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From: Chris Newbold (Chris.Newbold_at_[hidden])
Date: 2008-06-25 14:01:12

On Sun, 22 Jun 2008 20:13:27 +0200, Ion Gaztañaga wrote:

> I refined those improvements for shared memory containers and I measured
> performance benefits when containers take advantage of more advanced
> allocators.
> The last few months, I've taken another step forward and I've developed
> a small Boost library based on a modified DLmalloc code. I've developed
> some allocators above the modified DLmalloc and I've measured the
> performance benefits that can be obtained with optimized allocators that
> offer some new features like buffer expansion, burst allocation, etc...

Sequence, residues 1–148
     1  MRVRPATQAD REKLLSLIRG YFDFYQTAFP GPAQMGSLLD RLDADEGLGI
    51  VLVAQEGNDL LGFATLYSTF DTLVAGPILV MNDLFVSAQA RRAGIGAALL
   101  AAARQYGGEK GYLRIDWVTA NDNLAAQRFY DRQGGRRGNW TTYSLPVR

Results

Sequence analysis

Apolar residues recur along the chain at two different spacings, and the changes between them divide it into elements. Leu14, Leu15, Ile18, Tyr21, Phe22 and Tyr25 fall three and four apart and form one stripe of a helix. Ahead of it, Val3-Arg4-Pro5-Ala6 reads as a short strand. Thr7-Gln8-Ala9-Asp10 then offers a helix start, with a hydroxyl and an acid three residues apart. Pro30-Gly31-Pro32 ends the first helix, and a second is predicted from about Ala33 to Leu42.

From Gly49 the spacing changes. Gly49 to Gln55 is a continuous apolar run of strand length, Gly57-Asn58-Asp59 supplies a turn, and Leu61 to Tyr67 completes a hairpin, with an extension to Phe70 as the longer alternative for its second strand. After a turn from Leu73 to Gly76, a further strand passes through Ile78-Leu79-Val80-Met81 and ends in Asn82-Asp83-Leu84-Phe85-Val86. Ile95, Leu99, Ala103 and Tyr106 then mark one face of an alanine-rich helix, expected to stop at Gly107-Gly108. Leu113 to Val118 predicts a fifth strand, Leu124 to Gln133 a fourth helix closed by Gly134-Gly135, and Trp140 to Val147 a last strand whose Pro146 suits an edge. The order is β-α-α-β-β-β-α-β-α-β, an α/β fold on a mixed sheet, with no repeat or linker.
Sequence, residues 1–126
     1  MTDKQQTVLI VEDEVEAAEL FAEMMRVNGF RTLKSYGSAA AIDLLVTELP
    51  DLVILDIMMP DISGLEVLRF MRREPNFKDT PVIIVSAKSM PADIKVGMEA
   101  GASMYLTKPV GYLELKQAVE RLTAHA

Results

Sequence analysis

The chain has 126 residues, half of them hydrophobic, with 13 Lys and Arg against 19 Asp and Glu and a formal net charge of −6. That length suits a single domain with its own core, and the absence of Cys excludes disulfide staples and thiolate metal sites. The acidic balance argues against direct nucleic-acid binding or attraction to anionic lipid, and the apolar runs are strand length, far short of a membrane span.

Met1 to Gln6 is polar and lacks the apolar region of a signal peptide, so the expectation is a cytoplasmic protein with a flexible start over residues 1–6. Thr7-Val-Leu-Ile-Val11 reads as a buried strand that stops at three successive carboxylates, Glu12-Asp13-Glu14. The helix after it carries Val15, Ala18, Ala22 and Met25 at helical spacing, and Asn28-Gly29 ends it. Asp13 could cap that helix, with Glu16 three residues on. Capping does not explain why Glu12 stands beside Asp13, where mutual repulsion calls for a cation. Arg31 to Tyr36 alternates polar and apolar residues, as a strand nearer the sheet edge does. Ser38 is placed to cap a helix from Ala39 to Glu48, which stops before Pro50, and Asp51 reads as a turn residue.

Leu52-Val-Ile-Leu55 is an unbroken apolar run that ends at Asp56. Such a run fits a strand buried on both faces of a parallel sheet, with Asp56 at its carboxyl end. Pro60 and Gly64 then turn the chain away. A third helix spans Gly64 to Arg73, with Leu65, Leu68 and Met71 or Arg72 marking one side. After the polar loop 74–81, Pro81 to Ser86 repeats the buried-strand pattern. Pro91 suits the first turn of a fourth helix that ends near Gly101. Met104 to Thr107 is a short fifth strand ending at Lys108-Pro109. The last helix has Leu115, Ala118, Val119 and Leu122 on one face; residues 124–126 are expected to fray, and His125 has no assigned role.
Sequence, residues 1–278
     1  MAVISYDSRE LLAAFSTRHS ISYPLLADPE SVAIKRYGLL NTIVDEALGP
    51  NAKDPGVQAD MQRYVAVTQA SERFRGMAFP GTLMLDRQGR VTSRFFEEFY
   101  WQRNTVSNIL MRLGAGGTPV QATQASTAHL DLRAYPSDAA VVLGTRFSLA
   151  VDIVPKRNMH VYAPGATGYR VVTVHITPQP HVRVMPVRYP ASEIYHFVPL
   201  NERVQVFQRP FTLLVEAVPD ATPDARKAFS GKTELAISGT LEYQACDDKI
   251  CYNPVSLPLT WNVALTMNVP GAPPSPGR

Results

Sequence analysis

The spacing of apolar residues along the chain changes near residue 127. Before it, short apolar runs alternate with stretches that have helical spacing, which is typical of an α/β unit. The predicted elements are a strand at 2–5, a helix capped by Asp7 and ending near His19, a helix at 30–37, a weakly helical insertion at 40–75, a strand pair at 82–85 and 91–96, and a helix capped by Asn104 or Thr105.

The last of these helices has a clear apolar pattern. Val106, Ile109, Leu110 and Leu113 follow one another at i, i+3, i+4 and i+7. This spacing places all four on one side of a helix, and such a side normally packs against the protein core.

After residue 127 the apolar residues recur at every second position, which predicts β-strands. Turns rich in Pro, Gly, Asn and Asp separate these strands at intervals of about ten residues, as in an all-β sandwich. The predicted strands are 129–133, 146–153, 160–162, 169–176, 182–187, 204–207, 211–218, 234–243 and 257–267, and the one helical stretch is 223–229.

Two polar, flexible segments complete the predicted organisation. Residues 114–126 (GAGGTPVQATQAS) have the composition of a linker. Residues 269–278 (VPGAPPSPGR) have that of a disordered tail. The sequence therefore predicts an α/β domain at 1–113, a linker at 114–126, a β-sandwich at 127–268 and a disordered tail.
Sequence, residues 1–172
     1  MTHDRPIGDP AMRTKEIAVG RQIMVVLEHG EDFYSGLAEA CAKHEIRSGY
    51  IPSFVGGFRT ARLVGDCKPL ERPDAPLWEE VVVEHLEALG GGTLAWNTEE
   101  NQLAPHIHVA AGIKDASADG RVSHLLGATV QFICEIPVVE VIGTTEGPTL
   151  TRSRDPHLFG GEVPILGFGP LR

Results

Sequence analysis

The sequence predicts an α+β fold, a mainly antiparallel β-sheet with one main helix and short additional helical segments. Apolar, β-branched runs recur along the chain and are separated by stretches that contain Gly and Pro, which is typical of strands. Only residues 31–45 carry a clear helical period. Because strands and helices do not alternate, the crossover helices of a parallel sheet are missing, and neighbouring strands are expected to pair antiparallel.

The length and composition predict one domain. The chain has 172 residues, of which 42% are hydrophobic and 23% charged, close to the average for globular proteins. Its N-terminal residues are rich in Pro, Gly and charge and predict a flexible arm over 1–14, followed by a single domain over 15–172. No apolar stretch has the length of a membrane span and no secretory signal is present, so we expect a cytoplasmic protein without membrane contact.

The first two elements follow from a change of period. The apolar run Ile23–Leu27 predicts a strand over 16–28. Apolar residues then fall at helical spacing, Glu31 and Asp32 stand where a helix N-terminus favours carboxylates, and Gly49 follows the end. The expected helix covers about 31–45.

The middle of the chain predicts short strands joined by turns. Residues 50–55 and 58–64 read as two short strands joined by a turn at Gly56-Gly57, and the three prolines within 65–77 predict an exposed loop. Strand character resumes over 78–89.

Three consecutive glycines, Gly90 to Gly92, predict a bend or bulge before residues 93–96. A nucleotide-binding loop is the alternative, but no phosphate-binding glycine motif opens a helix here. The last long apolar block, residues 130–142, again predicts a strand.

> Test were performed using Interprocess containers, but instead of shared
> memory allocators, I've compared DLmalloc based heap allocators against
> the standard std::allocator<>.
> I've written a long article with my explanations and conclusions:

This is a very interesting and complete analysis.

I would be very interested in seeing if we could find a way to combine or layer what you have prototyped here with some of the pieces in the Boost.Pool library.

For example, we might be able to factor both of these into a collection of memory managers which do the heavy lifting of managing blocks, chunks, etc. such as simple segregated storage and your DLmalloc-based manager; and a set of "adaptors" providing a standard (or enhanced) allocator interface, a pool interface, etc.

Such a layered approach would result in a set of building blocks that could be used as the basis for other memory management patters which do not (currently) exist in Boost, such as arenas.


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